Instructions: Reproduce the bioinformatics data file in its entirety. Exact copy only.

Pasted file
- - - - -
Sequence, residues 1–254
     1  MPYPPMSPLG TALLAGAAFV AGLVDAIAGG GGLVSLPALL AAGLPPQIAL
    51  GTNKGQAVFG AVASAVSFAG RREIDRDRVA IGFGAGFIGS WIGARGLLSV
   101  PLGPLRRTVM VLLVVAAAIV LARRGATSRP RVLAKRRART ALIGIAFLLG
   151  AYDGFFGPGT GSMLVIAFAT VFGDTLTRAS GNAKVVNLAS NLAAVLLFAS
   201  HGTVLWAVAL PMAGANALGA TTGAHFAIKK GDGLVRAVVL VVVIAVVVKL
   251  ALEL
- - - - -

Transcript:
Sequence, residues 1–254
     1  MPYPPMSPLG TALLAGAAFV AGLVDAIAGG GGLVSLPALL AAGLPPQIAL
    51  GTNKGQAVFG AVASAVSFAG RREIDRDRVA IGFGAGFIGS WIGARGLLSV
   101  PLGPLRRTVM VLLVVAAAIV LARRGATSRP RVLAKRRART ALIGIAFLLG
   151  AYDGFFGPGT GSMLVIAFAT VFGDTLTRAS GNAKVVNLAS NLAAVLLFAS
   201  HGTVLWAVAL PMAGANALGA TTGAHFAIKK GDGLVRAVVL VVVIAVVVKL
   251  ALEL